Stock markets could see more volatile trading today as they react to the US Government’s planned US$700bn (€483.5bn) banking sector bail-out.
US treasury secretary Hank Paulson is working on legislation that will allow the US government to buy up hundreds of billions of dollars worth of “toxic” bank assets that have led to the current banking crisis and threatened world economies.
It has been described as the largest operation of its kind since the Great Depression.
The plans were unveiled at the end of last week following a tumultuous week of financial turmoil, and were being finalised by officials in Washington over the weekend. The White House was hoping to get them agreed today.
Adair Turner, the new chairman of City Watchdog the Financial Services Authority (FSA), said the scheme could prove to be a turning point.
He said: “It’s a very major step which I think may turn out to be the turning point, but we don’t know that. We are now taking very exceptional measures in what has been an enormous crisis in the global financial system.”
Turner, who has taken over from Callum McCarthy, added that there would be a need for a detailed analysis of what led to the current financial crisis.
It accelerated last week with the collapse of US investment bank Lehman Brothers, the $85bn (€58.7bn) bail-out of US insurance giant AIG and the £12bn (€15.1bn) rescue of Halifax Bank of Scotland by Lloyds TSB.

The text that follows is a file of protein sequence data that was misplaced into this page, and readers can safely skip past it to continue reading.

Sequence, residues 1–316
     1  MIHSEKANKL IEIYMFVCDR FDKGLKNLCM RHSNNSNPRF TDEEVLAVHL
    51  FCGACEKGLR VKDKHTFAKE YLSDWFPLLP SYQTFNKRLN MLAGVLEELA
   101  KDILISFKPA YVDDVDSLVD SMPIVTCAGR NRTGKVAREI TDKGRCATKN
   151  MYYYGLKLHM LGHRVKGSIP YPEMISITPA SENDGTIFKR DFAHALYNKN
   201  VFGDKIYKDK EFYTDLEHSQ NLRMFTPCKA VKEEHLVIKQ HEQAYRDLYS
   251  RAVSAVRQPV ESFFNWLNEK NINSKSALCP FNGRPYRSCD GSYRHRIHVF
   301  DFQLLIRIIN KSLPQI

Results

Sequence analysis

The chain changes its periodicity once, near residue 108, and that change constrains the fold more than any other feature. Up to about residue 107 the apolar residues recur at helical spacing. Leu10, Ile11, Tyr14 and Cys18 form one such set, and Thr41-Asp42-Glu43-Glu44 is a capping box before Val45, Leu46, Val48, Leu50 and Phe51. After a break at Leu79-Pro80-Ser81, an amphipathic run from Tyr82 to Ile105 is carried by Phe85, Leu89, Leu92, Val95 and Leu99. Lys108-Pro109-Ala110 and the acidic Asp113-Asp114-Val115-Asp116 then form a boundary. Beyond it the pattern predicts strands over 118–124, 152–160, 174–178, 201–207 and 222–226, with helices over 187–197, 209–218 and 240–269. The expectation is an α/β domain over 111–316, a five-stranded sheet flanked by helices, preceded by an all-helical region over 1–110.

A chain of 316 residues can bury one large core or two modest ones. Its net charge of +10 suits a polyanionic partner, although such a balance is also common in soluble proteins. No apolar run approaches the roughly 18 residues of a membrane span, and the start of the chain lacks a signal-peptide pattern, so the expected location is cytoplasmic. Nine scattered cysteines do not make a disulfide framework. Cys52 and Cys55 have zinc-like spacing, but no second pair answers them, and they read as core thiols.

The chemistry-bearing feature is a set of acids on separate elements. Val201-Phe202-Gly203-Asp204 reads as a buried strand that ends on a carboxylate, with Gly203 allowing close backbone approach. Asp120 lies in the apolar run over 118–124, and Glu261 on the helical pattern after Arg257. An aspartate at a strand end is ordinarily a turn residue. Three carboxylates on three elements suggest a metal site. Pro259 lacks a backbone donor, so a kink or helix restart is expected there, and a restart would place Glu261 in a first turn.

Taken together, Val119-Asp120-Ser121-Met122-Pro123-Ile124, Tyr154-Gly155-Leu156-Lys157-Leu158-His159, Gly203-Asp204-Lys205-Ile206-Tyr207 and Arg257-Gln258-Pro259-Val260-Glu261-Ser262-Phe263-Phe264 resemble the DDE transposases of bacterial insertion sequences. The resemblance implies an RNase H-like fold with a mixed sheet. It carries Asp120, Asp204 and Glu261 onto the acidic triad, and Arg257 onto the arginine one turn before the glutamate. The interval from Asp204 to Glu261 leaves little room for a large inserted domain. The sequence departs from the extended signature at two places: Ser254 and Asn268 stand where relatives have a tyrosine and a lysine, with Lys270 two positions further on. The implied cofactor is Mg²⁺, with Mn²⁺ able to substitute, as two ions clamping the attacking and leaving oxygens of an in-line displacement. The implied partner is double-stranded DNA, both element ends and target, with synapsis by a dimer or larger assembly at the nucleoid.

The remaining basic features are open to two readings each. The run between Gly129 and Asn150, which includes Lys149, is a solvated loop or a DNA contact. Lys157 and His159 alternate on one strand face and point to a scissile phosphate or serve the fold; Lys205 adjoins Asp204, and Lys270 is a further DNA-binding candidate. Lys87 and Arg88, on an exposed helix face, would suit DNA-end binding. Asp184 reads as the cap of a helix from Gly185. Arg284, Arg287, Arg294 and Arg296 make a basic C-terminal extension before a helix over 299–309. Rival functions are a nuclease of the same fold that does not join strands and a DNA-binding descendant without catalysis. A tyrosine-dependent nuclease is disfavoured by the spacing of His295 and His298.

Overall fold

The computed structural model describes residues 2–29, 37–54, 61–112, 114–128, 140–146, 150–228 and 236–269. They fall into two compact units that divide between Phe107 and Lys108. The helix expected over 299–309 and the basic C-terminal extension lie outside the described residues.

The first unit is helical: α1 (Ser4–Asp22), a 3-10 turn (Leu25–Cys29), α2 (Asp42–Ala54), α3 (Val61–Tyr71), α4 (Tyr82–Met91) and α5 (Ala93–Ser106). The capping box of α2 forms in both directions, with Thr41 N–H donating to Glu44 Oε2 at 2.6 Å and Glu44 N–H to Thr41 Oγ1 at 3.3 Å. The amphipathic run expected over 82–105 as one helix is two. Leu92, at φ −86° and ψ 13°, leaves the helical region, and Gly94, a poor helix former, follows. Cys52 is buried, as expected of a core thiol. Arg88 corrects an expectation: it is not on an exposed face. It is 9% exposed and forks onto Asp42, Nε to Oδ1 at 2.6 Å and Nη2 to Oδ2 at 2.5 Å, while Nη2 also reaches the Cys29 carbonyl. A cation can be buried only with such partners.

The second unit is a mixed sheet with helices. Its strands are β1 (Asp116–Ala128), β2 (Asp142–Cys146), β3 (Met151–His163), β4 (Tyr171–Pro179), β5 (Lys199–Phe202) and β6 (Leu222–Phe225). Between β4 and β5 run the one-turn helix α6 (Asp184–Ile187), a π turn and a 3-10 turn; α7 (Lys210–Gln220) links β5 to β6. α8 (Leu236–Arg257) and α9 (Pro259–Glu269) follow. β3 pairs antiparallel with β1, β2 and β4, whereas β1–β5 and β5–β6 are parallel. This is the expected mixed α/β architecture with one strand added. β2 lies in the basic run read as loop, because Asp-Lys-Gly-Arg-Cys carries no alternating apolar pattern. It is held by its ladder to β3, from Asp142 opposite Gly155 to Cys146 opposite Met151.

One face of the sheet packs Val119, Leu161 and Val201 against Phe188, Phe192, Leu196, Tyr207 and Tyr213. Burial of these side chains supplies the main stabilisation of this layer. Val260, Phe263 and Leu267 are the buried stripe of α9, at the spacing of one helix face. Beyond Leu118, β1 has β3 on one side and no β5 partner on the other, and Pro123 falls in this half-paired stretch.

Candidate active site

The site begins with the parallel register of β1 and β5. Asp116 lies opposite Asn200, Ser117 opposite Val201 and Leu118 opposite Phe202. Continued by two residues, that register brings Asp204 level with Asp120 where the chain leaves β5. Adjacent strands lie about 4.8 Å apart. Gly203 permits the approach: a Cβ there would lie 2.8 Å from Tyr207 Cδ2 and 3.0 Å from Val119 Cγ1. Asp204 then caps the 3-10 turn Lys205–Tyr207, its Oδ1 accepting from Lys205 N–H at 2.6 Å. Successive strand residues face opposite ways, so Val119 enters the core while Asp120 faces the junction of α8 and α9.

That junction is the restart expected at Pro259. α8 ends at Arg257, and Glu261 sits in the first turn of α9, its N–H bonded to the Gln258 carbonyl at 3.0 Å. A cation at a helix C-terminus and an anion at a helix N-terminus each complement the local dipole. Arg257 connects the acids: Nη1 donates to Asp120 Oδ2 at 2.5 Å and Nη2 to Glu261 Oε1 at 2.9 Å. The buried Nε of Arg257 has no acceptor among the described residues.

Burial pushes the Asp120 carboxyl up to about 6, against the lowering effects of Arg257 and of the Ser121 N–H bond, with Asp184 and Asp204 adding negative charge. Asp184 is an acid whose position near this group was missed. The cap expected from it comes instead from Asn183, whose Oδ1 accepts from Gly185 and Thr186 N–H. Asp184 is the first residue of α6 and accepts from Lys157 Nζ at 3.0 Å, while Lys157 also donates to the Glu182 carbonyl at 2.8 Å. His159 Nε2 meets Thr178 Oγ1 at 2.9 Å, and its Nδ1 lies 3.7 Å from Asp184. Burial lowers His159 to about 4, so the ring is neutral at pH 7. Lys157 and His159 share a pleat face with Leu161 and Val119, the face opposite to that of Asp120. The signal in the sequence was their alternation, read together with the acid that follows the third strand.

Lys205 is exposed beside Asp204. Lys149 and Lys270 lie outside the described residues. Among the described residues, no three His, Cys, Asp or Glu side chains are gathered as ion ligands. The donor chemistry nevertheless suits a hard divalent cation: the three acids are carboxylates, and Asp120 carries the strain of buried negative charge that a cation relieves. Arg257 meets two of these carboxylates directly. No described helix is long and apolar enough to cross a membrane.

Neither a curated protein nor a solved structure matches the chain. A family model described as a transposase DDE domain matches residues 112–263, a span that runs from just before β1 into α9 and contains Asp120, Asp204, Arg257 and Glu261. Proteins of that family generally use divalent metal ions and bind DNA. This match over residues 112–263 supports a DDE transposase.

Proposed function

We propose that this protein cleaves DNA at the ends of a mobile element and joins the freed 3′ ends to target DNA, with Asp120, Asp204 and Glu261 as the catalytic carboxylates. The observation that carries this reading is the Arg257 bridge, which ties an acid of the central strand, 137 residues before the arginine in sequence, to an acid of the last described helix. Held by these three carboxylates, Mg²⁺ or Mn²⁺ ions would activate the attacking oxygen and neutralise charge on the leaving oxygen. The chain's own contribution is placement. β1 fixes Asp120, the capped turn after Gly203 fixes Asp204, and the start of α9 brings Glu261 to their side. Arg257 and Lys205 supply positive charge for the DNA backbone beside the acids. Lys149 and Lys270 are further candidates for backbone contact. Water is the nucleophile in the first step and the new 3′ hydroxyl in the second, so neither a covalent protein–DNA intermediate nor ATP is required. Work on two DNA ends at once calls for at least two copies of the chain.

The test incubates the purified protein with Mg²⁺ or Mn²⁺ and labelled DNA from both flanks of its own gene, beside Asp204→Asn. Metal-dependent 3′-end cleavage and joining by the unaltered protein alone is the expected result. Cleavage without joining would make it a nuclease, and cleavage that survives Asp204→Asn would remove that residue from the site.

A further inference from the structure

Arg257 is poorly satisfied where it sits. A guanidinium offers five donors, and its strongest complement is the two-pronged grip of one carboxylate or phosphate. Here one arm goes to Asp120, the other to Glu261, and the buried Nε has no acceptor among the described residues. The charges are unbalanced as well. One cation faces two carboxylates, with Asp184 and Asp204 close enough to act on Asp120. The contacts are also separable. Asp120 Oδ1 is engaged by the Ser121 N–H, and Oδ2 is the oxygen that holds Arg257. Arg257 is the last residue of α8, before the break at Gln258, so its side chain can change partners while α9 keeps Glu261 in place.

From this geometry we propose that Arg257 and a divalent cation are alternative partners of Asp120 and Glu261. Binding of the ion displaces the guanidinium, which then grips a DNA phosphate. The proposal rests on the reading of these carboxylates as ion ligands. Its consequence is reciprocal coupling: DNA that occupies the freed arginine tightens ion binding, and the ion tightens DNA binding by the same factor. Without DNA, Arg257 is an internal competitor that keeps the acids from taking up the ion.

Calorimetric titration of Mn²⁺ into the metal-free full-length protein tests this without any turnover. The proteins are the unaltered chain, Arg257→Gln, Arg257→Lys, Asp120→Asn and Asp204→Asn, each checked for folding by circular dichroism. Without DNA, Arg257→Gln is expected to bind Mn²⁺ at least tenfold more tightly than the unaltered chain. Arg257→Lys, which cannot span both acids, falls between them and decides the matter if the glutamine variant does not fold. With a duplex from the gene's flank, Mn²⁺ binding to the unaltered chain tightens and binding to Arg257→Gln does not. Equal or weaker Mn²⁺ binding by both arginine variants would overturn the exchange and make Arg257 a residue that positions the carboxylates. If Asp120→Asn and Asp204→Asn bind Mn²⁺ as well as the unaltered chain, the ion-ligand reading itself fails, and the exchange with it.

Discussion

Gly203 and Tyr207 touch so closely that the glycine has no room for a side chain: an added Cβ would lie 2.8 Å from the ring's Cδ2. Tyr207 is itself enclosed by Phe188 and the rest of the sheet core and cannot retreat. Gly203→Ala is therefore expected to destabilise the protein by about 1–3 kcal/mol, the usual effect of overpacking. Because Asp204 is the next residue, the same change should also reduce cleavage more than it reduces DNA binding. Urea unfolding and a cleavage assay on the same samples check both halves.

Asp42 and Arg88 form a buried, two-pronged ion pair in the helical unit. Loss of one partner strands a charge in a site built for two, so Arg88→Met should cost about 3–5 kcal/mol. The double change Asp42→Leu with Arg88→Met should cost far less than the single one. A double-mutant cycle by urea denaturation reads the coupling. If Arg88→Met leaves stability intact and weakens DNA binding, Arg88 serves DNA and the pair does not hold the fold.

The initial unveiling of the US bail-out plans by Paulson on Friday sent markets around the world soaring, reversing some of the hefty losses seen earlier in the week amid the turmoil.
London’s FTSE 100 Index posted its biggest ever one-day gain of nearly 9%, with banks like Barclays, Lloyds TSB and Royal Bank of Scotland (RBS) surging more than 20% in value. The gain also came after a temporary ban on “short-selling” - where traders effectively profit from falling share prices – were introduced both in the City and the US.
Paulson suggested non-US banks like Barclays and Royal Bank of Scotland may be able to participate in the US Treasury scheme.
But he also added that he has been talking to other governments about the need for them to offer similar relief because the current financial crisis is global.
The UK Treasury said it had no plans to carry out a similar operation, pointing instead to the government-backed Special Liquidity Scheme launched by the Bank of England earlier this year to help bolster banks’ balance sheets. It has already been tapped for more than £100bn (€126.3bn), and its deadline was extended for three months last week to January 30.
Although the finer details of the US plan have yet to be worked out, it would give Washington broad authority to purchase bad mortgage-related assets from US financial institutions for the next two years. The debts would then be held until they can be sold off in the future.
The hope is that would allow banks to get on with their normal day-to-day business of lending to consumers and get the economy moving ahead.